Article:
Wednesday 20 November 18:00 - 21:00

Council Room
Strand, London

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Book Launch - Secret Alliances


The Sir Michael Howard Centre for the History of War invite Tony Insall to launch his latest book.

Europe, 1940. Nazi forces sweep across the continent, with a British invasion likely only weeks away. Never before has a resistance movement been so crucial to the war effort.Here, historian Tony Insall reveals how some of the most striking– but little-known – achievements of the Norwegian resistance were the detailed reports produced by SIS agents living in the dangerous conditions of the country’s desolate wilderness. Their coast-watching intelligence highlighted the movements of warships threatening Allied convoys, and led to counter-strikes which damaged or sank many German ships – most notably the Tirpitz in November 1944.A definitive appraisal of Anglo-Norwegian WWII cooperation, Secret Alliances provides remarkable insights into the uniquely close political relationship that afforded powerful assistance for a successful resistance movement.

Using previously unpublished archival material from London, Oslo and Moscow, Insall explores how SIS and SOE developed productive links with their Norwegian counterparts – and examines the crucial intelligence from the Security Service and Bletchley Park code breakers who supported their sabotage operations.Offering dramatic details on operations such as gunnerside – which targeted the heavy water plant in Vemork in order to foil the Nazis’ plans to build an atomic bomb– Secret Alliances is an authoritative new perspective on some of the most remarkable exploits of the Second World War.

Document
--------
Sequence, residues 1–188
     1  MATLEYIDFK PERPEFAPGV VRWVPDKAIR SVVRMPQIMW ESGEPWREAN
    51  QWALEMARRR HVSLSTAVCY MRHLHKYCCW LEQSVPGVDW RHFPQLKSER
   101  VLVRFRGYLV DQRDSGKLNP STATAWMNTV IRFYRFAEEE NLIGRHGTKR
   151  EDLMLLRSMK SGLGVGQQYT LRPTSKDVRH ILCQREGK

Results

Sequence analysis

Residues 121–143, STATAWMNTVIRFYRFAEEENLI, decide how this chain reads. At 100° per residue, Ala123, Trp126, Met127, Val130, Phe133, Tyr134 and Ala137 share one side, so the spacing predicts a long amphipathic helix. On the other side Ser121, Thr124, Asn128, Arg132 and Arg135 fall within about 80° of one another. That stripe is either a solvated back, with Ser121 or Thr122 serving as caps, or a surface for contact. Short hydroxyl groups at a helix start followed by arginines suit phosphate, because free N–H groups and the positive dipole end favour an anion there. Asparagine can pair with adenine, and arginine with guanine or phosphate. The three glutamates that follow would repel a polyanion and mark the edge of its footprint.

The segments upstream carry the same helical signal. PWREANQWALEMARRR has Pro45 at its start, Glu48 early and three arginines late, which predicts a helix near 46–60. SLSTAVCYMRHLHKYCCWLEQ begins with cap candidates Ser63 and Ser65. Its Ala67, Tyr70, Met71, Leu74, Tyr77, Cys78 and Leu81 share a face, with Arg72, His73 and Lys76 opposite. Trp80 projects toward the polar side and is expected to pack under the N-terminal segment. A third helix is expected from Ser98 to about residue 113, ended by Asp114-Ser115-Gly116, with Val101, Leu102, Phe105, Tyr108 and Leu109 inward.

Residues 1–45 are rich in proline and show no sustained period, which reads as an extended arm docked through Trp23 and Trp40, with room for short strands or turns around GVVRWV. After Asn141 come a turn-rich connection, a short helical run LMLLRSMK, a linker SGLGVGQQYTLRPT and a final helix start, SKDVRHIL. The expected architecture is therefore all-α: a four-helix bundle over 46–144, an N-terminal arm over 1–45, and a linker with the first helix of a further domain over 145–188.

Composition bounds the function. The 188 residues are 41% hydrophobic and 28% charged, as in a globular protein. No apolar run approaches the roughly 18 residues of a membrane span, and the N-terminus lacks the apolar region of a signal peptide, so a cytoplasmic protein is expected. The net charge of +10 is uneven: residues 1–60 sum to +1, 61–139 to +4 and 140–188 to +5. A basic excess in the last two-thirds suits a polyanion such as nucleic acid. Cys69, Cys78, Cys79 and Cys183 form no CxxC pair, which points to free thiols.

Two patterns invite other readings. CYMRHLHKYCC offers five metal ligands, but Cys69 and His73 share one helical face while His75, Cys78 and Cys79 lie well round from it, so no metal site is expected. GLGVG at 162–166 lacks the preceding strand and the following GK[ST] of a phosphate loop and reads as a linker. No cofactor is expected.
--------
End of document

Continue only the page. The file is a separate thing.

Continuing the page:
Dr Tony Insall worked for more than thirty years in the Foreign and Commonwealth Office and served in Nigeria, Hong Kong,China and Malaysia, before spending five years in Norway. He was also an associate editor of FCO Historians and has published several books and articles on Norwegian history. He is a senior visiting fellow in the Department of War Studies at King’s College London and a fellow of the Royal Historical Society. He lives near Guildford in Surrey.


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